After reading Kill the Dead, I was really hoping that Aloha from Hell would redeem the story of Sandman Slim for me. It was certainly a better book than the second book in the series; however, that doesn't make this an exciting read at all. At best all I can say about this book is that it didn't bore me, but it certainly didn't excite me, or encourage me to read any other books in the series. I almost feel as though he is bored with his own series.
This entire story has been leading up to Stark's confrontation with Mason, his arch enemy. The real war between the two began when Mason killed, Stark's girlfriend Alice, and then sent Stark to live in hell for over a decade. Mason however is motivated to destroy the universe because he was tortured as a child. Apparently, it was not enough for him to achieve his vengeance on those who wronged him, but the entire world has to pay for his hurt. For all of the havoc that the two have caused across the universe, it seems that the relationship between Stark and Mason comes down to a pissing contest. Really? I know that we have a male protagonist, but would it have been so hard to come up with a more substantial foundation than a juvenile pissing contest? I also think it is worth mentioning that it took three books to get to the point where Mason and Stark finally resolved their issues and quite frankly, it was anti-climactic and felt more like a set up for a fourth book in this series.
The one thing that Aloha from Hell has going for it, is that unlike Sandman Slim and Kill the Dead, it is not as littered with as many problematic failures. The word lame several times which is of course an ableist slur, and women are referred to with reductive language; however, that is still an improvement. The cast still remains White and straight however. It seems that diversity is just one leap Kadrey is as of yet unwilling to make. I suppose what I don't understand how a writer can create a world with all manner of angels, demons and Lucifer himself, but cannot imagine a single marginalized body in his narrative. The closet this series comes to a disabled character is Kasabian - a man without a body. I suppose I should just be thankful that he has at least stopped using gay slurs to attack straight men.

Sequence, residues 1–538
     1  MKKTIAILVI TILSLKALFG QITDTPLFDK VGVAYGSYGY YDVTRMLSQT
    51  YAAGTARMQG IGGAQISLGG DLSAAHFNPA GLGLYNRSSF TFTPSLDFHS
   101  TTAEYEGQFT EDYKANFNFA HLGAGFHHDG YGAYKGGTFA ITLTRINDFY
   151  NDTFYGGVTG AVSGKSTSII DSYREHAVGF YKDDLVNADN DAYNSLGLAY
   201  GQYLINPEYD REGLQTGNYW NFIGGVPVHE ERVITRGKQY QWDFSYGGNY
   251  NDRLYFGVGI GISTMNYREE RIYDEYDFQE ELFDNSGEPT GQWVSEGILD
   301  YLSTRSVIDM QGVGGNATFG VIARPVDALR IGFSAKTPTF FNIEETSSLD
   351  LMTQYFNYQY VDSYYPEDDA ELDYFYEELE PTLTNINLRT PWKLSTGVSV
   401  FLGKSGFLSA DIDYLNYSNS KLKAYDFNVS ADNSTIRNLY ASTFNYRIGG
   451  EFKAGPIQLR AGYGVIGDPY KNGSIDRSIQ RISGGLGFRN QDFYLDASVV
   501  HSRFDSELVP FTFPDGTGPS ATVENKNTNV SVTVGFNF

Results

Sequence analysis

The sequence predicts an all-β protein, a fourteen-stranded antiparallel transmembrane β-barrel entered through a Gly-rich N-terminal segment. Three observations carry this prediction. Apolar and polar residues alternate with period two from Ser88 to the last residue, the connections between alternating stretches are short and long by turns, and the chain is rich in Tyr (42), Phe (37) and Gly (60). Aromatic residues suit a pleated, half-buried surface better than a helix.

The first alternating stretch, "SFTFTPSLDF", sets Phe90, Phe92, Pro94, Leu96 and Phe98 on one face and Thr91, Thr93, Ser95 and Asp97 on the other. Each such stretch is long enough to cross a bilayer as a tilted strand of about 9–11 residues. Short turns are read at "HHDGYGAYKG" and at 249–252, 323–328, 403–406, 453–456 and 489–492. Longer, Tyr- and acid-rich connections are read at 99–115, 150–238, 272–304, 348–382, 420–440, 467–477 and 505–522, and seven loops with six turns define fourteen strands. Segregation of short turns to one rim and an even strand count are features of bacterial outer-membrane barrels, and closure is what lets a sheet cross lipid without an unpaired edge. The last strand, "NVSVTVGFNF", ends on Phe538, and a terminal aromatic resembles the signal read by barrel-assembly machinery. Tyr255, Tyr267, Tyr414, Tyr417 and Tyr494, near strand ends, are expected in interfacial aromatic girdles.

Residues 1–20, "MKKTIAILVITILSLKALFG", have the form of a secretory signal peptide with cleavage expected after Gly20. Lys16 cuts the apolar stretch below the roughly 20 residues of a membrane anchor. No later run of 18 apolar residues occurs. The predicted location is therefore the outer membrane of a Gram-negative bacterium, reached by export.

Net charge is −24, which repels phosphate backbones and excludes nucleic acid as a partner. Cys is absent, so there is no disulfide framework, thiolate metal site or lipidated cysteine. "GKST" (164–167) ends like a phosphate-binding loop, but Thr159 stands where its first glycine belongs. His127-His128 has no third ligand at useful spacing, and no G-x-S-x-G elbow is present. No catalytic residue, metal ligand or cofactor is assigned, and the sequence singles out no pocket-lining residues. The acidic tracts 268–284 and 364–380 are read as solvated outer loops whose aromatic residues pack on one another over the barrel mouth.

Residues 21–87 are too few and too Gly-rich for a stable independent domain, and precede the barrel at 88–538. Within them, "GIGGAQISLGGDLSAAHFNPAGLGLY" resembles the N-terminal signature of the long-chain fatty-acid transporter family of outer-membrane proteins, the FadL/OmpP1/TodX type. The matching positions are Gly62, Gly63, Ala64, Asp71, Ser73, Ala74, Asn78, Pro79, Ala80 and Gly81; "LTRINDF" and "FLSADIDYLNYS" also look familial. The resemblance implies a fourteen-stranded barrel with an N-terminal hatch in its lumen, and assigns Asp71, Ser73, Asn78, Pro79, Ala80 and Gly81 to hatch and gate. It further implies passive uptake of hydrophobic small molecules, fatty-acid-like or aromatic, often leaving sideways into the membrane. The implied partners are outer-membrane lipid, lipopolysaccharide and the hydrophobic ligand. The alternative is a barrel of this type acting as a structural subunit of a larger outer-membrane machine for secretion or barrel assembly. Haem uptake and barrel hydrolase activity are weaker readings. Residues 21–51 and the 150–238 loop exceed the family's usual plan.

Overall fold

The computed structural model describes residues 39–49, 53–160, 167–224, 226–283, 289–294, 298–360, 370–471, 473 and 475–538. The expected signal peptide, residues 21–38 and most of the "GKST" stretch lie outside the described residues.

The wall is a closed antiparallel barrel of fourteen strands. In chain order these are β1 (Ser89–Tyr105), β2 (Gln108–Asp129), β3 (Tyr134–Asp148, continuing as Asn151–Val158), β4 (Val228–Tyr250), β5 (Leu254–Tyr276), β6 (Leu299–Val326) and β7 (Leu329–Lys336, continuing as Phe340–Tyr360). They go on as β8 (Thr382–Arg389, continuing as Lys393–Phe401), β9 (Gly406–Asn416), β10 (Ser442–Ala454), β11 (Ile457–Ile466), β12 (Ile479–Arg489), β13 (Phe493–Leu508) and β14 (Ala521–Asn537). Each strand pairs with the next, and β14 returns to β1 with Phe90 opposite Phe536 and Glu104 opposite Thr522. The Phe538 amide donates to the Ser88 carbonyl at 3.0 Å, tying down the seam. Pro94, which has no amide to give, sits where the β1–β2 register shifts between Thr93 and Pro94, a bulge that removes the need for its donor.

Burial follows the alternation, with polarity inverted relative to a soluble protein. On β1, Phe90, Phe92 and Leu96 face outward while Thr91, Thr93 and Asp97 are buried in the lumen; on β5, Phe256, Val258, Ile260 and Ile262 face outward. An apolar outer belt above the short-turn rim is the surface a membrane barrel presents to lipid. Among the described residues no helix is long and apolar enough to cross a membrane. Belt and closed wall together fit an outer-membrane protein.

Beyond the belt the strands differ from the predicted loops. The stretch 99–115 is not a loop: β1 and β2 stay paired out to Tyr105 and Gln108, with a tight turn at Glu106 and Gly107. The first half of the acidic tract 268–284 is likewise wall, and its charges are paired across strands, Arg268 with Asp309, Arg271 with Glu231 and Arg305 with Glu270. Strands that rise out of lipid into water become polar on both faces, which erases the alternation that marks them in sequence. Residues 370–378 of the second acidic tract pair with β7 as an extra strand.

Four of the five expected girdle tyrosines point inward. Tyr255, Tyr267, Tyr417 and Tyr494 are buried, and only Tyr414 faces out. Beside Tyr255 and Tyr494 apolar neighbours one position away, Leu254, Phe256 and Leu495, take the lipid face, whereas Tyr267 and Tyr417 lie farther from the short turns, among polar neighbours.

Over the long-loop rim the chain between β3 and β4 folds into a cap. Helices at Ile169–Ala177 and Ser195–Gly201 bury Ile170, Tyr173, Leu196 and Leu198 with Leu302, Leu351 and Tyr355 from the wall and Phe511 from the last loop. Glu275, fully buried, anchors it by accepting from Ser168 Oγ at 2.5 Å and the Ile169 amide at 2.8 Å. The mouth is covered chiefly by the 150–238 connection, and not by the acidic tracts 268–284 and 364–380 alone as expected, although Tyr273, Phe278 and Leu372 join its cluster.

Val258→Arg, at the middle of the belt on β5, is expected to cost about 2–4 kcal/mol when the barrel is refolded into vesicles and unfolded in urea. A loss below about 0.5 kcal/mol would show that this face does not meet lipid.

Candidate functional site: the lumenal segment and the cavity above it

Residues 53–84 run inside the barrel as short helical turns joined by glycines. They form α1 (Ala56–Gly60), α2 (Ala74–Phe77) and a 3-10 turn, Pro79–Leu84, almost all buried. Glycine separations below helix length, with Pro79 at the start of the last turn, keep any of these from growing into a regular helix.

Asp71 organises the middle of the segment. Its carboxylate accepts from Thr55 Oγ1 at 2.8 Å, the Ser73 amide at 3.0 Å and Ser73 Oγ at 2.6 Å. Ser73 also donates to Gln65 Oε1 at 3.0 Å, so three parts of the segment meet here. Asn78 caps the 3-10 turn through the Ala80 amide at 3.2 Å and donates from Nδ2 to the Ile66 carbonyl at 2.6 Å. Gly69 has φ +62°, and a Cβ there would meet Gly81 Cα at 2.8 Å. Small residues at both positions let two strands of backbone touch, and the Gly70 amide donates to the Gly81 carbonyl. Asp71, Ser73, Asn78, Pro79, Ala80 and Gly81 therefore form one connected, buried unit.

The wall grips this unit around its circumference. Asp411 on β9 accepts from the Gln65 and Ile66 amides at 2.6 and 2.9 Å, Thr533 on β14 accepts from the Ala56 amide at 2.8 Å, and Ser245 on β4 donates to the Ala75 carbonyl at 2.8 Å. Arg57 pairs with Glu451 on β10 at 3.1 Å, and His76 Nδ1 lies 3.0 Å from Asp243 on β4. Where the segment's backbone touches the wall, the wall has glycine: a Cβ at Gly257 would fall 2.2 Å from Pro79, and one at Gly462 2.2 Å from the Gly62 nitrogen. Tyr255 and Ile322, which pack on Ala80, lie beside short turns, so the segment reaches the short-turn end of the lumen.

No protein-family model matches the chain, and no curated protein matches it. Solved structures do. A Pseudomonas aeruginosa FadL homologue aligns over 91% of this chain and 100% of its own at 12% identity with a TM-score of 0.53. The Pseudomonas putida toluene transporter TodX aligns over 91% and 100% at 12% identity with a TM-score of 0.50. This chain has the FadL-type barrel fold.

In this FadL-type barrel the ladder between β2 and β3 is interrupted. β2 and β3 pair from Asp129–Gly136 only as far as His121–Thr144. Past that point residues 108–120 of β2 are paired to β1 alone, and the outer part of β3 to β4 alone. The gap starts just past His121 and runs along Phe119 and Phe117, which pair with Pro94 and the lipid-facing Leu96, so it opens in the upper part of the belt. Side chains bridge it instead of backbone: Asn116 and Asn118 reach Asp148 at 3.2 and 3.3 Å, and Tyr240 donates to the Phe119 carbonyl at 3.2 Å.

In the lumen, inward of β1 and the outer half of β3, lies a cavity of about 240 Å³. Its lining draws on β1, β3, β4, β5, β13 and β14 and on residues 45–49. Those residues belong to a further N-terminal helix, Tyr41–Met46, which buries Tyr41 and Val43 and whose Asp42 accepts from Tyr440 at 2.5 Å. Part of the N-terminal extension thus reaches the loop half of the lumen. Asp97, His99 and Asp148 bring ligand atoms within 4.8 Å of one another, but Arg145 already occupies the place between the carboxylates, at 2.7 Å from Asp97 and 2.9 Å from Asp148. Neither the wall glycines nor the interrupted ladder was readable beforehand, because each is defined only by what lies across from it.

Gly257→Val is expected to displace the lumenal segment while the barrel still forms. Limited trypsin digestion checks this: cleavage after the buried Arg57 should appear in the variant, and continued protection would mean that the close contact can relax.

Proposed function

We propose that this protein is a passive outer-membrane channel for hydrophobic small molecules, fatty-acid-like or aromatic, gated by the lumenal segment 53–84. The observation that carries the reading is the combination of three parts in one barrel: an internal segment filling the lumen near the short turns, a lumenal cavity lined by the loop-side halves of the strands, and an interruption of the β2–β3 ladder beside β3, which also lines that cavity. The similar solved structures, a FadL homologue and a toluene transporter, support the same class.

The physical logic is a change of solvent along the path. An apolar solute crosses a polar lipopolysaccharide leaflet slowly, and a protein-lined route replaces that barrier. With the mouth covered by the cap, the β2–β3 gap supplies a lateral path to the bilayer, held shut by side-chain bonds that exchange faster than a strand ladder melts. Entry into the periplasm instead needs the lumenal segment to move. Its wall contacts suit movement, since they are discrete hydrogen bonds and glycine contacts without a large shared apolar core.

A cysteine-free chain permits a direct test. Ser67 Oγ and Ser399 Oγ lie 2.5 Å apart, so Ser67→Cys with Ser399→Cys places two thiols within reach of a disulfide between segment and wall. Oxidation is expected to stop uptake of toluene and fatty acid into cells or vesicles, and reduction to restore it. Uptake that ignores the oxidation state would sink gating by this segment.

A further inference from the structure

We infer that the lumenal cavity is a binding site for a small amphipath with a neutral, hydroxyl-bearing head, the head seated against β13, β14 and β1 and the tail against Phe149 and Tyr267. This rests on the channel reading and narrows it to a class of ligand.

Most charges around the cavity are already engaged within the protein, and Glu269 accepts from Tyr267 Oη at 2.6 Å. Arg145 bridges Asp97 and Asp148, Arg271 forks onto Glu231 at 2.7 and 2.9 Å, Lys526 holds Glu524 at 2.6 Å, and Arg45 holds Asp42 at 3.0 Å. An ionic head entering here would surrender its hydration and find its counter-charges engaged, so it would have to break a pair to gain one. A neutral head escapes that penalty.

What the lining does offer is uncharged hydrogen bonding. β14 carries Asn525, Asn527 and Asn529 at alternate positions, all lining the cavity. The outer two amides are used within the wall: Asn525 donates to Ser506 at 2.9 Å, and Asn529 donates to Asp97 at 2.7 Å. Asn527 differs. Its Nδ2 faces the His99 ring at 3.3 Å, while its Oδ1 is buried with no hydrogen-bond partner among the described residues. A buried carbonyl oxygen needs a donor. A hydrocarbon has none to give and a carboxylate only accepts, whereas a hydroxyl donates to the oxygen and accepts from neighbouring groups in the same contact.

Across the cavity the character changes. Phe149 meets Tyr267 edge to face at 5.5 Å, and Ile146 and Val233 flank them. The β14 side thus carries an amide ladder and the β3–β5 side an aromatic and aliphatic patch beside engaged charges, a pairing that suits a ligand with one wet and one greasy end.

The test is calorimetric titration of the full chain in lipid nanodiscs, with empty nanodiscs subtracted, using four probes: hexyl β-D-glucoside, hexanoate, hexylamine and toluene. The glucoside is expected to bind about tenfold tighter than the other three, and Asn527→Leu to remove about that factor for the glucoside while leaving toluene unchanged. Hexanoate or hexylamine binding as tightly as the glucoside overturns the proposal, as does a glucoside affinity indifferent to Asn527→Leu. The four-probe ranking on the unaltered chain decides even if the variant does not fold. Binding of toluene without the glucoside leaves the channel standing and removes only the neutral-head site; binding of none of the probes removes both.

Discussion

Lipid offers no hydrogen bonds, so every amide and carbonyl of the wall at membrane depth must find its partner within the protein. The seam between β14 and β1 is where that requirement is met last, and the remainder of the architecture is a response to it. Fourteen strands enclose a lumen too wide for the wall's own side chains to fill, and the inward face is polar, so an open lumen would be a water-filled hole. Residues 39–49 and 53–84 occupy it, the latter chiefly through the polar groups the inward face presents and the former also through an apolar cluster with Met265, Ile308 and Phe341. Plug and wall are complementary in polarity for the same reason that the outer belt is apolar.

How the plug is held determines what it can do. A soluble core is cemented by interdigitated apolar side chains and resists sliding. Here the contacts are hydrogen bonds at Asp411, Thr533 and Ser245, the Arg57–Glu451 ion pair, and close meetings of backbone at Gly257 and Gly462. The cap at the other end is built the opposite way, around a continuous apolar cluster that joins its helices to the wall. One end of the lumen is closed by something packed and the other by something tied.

It is worth noting that erasure is it's own from of prejudice. Just because Kadrey didn't use f@ggot as an insult in this book does not mean it is not problematic that the entire large universe that he created does not have a single GLBT character. It is also worth noting that though a large part of the series is set in L.A., people of colour are notably absent. To read this sort of book one has to suspend belief but should the reader really have to go as far as to believe that city like L.A., or Hell where all the souls of the evil go is completely homogenized.
If Kadrey does write another book in this series, I will read it, not because I wonder what happens next, but because I try to finish whatever series I start. At the end of the novel, Stark becomes Lucifer because having defeated Mason, and Lucifer abdicating his position to return to heaven, Hell needs a new top dog. This it seems was always his destiny, and he is held to it when the Angel separates from him and disappears to heaven. I am assuming at this point that the goal of the next book will be to have Stark return to earth and re-unite with his judgmental angel. I can only hope that this confrontation does not take three books to occur, the way that the Mason vs Stark battle took.
This series won't bore you, but it won't really entertain you either. At best, it's mediocre, and at its worse, it is filled with so many fails, that you may feel the desire to throw the books across the room in disgust. The relationships are trite, though the world setting itself is very large. Considering that Kadrey had an entire universe to work with, he really didn't do much with it.
I am giving this book 2 1/2 fangs, though it had less fails than the other two books, simply because now that Kadrey is on his third book, he really should have offered his audience more than he did.